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New Jersey Future Submits Comments on Proposed Stormwater Rule Amendments

February 4th, 2019 by Louise Wilson

Green street planters, an example of green-infrastructure techniques. Source: EPA

On Dec. 3, 2018, the New Jersey Department of Environmental Protection published and invited comments on proposed amendments to its stormwater management rule (NJAC 7:8). New Jersey Future submitted comments on Feb. 1, 2019, praising the proposed prioritization of green infrastructure as a key stormwater management strategy and offering suggestions for making the rule clearer and more effective.

New Jersey Future supports clear and predictable state-level rules that facilitate responsible and affordable development and promote sustainable infrastructure solutions that deliver multiple benefits. Improving and clarifying the state’s stormwater management rules is critical to ensuring that new development and redevelopment projects will achieve these goals.

The state’s stormwater management rules are an essential regulatory tool for reducing runoff pollution, but they have heretofore fallen short. In fact, the current stormwater management rule presents obstacles to the use of green stormwater infrastructure, a powerful stormwater management tool that uses or mimics the natural water cycle to manage stormwater close to its source.

The proposed rule amendments are an important first step forward. They remove obstacles to green infrastructure and in fact require its use. Thus, they will result in stormwater management systems that rely much less on “gray” infrastructure (pipes) that can contribute to pollution and flooding, instead featuring green infrastructure practices that will take pressure off of aging pipes and result in cleaner water and fewer flood events. The new green infrastructure requirements also will spark interest among many engineers in honing their green infrastructure design skills through training and education. And they will make the development review process more objective, and therefore more predictable for property owners.

However, these proposed amendments can be made even stronger. Among New Jersey Future’s recommendations:

  • Allow for for more flexible green infrastructure design alternatives, to allow for changing technologies;
  • Include of sidewalks and rooftops in the requirement to treat runoff for water quality, since they contribute significantly to runoff pollution;
  • Reduce the maximum size of drainage areas for green-infrastructure installations, to mimic more closely the way nature infiltrates rainwater;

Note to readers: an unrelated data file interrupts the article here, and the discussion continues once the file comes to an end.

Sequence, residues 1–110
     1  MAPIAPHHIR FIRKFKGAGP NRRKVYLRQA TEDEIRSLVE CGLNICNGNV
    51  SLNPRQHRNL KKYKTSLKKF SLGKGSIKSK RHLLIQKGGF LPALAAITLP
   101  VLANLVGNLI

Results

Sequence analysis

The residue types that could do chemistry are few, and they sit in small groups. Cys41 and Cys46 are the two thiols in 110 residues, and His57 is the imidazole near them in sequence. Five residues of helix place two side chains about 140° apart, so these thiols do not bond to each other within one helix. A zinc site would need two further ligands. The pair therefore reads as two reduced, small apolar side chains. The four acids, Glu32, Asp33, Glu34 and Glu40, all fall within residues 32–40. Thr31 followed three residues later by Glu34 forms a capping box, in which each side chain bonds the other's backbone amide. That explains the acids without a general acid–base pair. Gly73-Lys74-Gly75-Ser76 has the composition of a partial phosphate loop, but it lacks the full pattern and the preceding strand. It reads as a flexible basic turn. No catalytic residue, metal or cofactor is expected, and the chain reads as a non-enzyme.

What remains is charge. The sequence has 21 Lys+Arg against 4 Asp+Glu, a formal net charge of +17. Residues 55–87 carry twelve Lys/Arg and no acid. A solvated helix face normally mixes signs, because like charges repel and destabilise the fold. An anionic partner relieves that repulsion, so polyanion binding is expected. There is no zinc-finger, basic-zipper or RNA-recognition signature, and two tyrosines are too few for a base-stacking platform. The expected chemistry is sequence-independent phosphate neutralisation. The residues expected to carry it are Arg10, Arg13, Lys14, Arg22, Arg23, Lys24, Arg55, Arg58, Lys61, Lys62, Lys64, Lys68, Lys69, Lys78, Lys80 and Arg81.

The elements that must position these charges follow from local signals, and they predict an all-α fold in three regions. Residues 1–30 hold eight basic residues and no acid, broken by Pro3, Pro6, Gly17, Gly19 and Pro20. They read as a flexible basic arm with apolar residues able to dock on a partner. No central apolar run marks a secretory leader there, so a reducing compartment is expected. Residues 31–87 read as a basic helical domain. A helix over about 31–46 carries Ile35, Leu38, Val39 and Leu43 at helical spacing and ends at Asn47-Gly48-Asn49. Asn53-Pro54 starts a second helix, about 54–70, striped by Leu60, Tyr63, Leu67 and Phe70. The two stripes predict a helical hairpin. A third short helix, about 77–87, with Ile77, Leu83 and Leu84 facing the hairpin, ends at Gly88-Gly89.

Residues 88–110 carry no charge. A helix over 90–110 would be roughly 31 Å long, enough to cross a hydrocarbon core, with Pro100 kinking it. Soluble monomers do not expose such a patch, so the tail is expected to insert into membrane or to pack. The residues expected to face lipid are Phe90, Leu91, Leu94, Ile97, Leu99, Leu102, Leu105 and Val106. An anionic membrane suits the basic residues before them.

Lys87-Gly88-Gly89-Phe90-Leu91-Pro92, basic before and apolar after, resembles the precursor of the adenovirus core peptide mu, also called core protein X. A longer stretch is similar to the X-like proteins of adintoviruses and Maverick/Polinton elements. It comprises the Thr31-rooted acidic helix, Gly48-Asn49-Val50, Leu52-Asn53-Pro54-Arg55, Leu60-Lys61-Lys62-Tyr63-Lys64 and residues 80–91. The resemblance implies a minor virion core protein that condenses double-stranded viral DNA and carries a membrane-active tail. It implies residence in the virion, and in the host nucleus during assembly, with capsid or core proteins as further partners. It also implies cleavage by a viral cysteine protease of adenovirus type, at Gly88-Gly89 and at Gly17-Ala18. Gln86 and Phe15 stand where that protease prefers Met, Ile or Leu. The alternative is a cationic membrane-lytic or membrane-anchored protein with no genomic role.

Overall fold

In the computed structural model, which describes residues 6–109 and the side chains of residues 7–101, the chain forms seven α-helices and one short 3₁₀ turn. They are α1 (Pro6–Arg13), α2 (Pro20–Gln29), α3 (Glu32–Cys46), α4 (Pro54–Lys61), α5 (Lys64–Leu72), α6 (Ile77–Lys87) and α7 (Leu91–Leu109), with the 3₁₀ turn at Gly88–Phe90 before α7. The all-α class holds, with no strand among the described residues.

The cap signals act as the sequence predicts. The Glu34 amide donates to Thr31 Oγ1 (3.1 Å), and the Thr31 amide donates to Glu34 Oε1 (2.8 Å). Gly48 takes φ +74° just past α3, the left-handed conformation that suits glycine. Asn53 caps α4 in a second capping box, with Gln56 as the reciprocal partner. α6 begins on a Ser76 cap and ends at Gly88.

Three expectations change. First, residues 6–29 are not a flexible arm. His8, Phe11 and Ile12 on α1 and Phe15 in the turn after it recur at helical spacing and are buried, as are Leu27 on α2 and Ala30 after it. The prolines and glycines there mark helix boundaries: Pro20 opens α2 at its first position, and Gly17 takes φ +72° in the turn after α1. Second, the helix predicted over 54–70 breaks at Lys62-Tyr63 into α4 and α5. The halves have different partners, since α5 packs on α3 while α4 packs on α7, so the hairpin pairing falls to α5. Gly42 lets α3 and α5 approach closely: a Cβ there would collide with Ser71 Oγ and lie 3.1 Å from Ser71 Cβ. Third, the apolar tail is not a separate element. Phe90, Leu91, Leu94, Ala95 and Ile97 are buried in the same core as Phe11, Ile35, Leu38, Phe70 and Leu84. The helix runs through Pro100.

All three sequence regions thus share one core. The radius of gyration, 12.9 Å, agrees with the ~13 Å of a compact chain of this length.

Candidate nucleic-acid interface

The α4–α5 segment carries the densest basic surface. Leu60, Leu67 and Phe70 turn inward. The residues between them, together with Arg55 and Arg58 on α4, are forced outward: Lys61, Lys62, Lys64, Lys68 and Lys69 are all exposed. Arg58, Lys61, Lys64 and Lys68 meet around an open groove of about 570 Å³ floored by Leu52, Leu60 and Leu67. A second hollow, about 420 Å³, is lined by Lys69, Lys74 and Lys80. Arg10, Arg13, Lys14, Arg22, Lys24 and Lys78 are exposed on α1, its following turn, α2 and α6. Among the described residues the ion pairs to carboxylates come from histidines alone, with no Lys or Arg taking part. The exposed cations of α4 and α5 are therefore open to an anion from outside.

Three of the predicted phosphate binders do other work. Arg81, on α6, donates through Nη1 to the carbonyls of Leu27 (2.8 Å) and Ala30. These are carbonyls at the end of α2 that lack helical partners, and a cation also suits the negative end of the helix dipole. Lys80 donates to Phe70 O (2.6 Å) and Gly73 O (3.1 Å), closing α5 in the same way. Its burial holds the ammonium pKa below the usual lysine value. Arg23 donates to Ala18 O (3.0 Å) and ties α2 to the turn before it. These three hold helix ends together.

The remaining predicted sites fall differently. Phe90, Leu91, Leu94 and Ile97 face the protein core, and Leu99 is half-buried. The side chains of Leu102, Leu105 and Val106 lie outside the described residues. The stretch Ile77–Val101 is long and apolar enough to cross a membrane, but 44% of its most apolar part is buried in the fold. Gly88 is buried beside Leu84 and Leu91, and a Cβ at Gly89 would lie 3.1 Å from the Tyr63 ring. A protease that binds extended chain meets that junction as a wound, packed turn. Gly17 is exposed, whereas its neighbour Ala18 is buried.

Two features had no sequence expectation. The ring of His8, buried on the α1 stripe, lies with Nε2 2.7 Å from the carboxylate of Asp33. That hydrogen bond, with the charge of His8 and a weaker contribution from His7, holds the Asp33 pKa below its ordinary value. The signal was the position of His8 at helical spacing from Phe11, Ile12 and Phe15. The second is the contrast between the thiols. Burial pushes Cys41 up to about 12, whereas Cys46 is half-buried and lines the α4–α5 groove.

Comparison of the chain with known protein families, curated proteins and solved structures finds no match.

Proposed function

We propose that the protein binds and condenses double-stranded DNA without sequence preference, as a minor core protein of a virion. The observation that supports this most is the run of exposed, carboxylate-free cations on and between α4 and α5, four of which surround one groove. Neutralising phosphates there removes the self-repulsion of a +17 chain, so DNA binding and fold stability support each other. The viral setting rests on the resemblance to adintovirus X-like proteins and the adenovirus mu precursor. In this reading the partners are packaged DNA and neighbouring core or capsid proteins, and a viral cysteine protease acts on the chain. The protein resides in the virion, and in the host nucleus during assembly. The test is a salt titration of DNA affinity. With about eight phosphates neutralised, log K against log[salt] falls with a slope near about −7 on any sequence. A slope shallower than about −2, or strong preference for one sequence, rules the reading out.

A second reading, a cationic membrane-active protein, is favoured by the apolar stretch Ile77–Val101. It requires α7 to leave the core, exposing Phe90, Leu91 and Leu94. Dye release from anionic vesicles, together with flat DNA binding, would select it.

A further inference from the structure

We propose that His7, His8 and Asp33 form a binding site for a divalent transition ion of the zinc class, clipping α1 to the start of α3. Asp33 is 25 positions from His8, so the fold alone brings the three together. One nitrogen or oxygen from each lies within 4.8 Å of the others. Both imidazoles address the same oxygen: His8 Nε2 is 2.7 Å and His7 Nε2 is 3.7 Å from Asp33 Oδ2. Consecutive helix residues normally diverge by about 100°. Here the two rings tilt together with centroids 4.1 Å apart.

• Promote “non-structural” strategies, such as preserving woodland areas, that are also key to effective stormwater infiltration.

Read New Jersey Future’s full comments.

Group of Mayors, Organizations Sends Letter Urging Gov. Murphy To Renew Focus on State Plan

February 1st, 2019 by Elaine Clisham

A group of 18 mayors and organizations concerned with how New Jersey grows and develops has sent a letter to Gov. Murphy, encouraging him to fill the open positions on the State Planning Commission, update the State Plan, and reconstitute the Office of State Planning.

Praising the governor’s efforts so far at putting New Jersey “on a course of economic and environmental vitality” through various targeted planning initiatives, the letter encourages him to tie those individual efforts together via the “overarching blueprint” of a state plan.

An updated state plan, says the letter, would help streamline the state’s resources and deploy them in the most effective and equitable manner, would offer much-needed guidance to counties and municipalities as they confront development decisions, and would provide an updated reference document to guide state legislation on issues of redevelopment, infrastructure, equity and climate resilience.

Read the full letter below.

 

Letter toGov. Murphy re State Plan 01 31-2019 from New Jersey Future

New Jersey Future Statement on Passage of the Clean Stormwater, Flood Reduction Act

January 31st, 2019 by New Jersey Future staff

Flooding on Delaware Avenue in Camden after a rain.

New Jersey Future released the following statement on the Jan. 31, 2019, passage of A2694/S1073, the Clean Stormwater, Flood Reduction Act:

“The passage of this bill provides municipalities, counties, utilities and authorities with a long-needed tool to manage flooding and dirty runoff from rainwater,” said Chris Sturm, New Jersey Future’s managing director for policy and water. “Most importantly, it gives communities a way to access new resources in a fair and equitable manner, and invest in related benefits such as additional green space. We urge the governor to sign it.”